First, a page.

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Test Catalog

Test ID: KKBRP    
Kingella kingae, Molecular Detection, PCR, Blood

Useful For Suggests clinical disorders or settings where the test may be helpful

Aiding in the diagnosis of Kingella kingae infection using whole blood specimens

Clinical Information Discusses physiology, pathophysiology, and general clinical aspects, as they relate to a laboratory test

Kingella kingae is a fastidious short Gram-negative bacillus that may colonize the oropharynx of young children. Colonization may occasionally lead to invasive disease via hematogenous dissemination, primarily in children younger than 4 years of age. This most commonly results in bone and joint infection; K kingae is the most frequent cause of osteomyelitis and septic arthritis in children aged 6 to 36 months. K kingae may also cause endocarditis, involving both native and prosthetic valves, in patients of any age and is considered part of the HACEK (Haemophilus species, Aggregatibacter species, Cardiobacterium hominis, Eikenella corrodens, and Kingella species) group of organisms, known for causing culture-negative endocarditis. K kingae produces a repeat-in-toxin (RTX) toxin.

 

Diagnosis of K kingae infection may be challenging due to the fastidious nature of the organism in culture. Evaluation of blood by PCR is a useful tool for the diagnosis of some cases of K kingae infection.

Reference Values Describes reference intervals and additional information for interpretation of test results. May include intervals based on age and sex when appropriate. Intervals are Mayo-derived, unless otherwise designated. If an interpretive report is provided, the reference value field will state this.

Not applicable

Interpretation Provides information to assist in interpretation of the test results

A positive result indicates the presence of Kingella kingae DNA.

 

A negative result indicates the absence of detectable K kingae DNA, but does not negate the presence of the organism and may occur due to inhibition of PCR, sequence variability underlying primers or probes, or the presence of K kingae DNA in quantities less than the limit of detection of the assay.

Cautions Discusses conditions that may cause diagnostic confusion, including improper specimen collection and handling, inappropriate test selection, and interfering substances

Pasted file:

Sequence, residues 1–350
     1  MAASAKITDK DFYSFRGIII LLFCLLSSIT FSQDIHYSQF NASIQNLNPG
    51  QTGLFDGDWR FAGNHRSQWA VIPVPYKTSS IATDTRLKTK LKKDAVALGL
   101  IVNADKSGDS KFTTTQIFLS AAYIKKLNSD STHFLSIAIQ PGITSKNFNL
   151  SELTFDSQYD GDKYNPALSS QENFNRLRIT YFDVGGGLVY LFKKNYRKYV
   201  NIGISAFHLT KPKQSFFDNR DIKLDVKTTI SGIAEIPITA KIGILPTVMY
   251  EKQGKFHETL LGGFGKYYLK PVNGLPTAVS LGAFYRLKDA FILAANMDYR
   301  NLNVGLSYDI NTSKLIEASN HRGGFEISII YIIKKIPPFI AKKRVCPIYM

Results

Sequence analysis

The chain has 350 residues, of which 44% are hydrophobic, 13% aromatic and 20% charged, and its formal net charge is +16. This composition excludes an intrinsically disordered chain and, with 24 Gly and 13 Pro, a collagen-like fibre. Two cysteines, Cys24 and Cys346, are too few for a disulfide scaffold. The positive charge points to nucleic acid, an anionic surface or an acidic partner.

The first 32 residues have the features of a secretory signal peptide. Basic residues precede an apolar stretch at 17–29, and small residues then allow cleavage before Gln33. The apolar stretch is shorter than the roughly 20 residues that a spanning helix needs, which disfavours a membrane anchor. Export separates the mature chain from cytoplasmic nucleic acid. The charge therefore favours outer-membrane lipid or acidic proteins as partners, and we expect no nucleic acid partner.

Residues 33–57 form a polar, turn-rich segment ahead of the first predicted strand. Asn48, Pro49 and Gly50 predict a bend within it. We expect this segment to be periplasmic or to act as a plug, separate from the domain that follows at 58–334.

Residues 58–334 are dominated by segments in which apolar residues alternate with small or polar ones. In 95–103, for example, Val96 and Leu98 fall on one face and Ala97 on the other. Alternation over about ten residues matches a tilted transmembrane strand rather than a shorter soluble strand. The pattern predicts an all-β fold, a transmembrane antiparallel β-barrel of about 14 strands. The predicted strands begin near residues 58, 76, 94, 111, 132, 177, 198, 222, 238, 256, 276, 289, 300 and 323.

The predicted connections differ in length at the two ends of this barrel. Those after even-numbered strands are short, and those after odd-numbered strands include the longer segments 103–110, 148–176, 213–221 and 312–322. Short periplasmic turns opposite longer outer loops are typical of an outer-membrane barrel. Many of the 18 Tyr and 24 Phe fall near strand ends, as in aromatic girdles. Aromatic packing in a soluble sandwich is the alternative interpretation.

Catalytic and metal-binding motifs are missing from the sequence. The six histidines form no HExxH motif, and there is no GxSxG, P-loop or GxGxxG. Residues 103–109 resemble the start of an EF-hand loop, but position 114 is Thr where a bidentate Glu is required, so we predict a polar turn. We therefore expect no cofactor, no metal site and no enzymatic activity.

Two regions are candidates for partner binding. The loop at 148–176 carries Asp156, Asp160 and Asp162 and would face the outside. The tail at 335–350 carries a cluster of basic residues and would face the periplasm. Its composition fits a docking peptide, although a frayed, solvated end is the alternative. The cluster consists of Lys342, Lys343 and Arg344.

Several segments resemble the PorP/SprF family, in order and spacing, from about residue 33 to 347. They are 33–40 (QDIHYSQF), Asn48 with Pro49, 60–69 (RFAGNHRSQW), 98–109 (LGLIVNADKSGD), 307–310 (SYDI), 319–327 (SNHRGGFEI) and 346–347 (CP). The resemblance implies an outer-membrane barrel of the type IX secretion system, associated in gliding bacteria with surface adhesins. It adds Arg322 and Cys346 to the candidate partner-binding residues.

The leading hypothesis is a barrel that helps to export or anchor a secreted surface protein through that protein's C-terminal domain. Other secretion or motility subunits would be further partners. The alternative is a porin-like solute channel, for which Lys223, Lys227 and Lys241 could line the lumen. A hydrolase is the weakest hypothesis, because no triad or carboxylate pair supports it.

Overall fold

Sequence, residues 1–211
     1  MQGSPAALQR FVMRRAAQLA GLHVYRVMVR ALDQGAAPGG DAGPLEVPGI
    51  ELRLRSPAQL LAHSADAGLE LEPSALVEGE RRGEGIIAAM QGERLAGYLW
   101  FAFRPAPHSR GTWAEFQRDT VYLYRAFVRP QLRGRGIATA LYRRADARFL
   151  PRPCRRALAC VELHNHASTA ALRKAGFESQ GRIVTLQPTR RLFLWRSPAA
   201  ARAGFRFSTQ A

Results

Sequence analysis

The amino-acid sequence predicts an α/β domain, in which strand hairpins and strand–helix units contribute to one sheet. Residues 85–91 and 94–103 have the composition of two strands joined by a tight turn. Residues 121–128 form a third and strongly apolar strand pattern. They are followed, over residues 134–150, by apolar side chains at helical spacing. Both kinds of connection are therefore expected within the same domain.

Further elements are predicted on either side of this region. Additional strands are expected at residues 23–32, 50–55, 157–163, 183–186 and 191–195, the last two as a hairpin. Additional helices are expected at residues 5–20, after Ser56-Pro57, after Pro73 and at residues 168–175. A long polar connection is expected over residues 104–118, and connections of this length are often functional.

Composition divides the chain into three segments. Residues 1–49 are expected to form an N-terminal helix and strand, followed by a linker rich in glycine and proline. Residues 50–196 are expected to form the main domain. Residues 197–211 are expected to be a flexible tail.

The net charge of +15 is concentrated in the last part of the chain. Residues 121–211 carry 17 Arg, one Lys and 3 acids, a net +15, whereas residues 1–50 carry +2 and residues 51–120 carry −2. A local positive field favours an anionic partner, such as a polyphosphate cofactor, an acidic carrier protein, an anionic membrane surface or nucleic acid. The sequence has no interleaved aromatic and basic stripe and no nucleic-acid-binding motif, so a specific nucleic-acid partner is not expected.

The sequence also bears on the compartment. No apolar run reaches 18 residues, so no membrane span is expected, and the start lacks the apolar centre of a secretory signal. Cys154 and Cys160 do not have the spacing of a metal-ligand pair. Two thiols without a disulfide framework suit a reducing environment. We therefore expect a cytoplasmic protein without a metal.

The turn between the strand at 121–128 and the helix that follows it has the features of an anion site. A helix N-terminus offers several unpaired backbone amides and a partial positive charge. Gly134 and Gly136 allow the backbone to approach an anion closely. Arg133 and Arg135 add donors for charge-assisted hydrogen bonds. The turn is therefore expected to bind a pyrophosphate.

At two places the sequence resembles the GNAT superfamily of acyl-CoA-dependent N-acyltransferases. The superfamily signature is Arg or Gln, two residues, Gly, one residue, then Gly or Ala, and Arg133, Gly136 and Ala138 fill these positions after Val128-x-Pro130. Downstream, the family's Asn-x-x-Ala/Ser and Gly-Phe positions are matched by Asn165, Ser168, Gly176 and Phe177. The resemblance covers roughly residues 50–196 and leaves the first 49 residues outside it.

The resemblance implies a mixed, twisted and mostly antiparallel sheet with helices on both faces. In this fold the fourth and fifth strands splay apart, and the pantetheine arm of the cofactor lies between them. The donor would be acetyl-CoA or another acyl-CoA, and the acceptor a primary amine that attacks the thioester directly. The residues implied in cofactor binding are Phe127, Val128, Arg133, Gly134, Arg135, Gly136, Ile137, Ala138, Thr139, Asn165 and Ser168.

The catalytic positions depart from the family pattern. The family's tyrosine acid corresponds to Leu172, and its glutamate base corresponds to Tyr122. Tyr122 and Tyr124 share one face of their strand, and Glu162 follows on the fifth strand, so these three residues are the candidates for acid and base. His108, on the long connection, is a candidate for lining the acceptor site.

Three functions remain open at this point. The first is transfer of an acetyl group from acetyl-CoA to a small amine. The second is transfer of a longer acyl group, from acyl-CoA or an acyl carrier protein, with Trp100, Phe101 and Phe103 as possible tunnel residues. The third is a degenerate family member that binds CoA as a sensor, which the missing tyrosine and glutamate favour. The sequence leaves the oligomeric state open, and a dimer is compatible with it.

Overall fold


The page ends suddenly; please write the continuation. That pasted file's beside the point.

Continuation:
Test results should be used as an aid in diagnosis. The single assay should not be used as the only criteria to form a clinical conclusion, but results should be correlated with patient symptoms and clinical presentation. A negative result does not negate the presence of the organism or active disease.

 

This assay does not detect species of Kingella other than kingae or negevensis (see Supportive Data).

 

This assay cross-reacts with Kingella negevensis.(1)

Supportive Data

This assay was validated by testing 30-spiked positive ETDA whole blood samples and 10-negative samples. No PCR inhibitors were encountered. The assay was 100% sensitive and specific. The assay showed no cross-reactivity when tested with a panel of 67 bacterial isolates, including Kingella species other than kingae. The limit of detection (LoD) in EDTA-whole blood was 1.3 CFU/mcL.

Clinical Reference Recommendations for in-depth reading of a clinical nature

1. El Houmami N, Bzdreng J, Durand GA, et al: Molecular tests that target the RTX locus do not distinguish between Kingella kingae and the recently described Kingella negevensis species. J Clin Microbiol 2017;55:3113-3122

2. Murphy TF: In Mandell, Douglas, and Bennett's Principles and Practice of Infectious Diseases. Edited by GL Mandell, JE Bennett, R Dolin. Seventh edition. Philadelphia, Churchill Livingstone/Elsevier, 2010, pp 2774-2776

3. Zbinden R: Aggregatibacter, Capnocytophaga, Eikenella, Kingella, Pasteurella, and Other Fastidious or Rarely Encountered Gram-Negative Rods. In Manual of Clinical Microbiology. Edited by JH Jorgensen, KC Carroll, G Funke, MA Pfaller. 11th edition. Washington DC. ASM Press 2015, pp 652-666

4. Yagupsky P: Kingella kingae: carriage, transmission, and disease. Clin Microbiol Rev. 2015 Jan;28(1):54-79

5. Madigan T, Cunningham SA, Ramanan P, et al: Real-Time PCR Assay for Detection of Kingella kingae in Children. J Pediatr Infect Dis 2018;13:216-233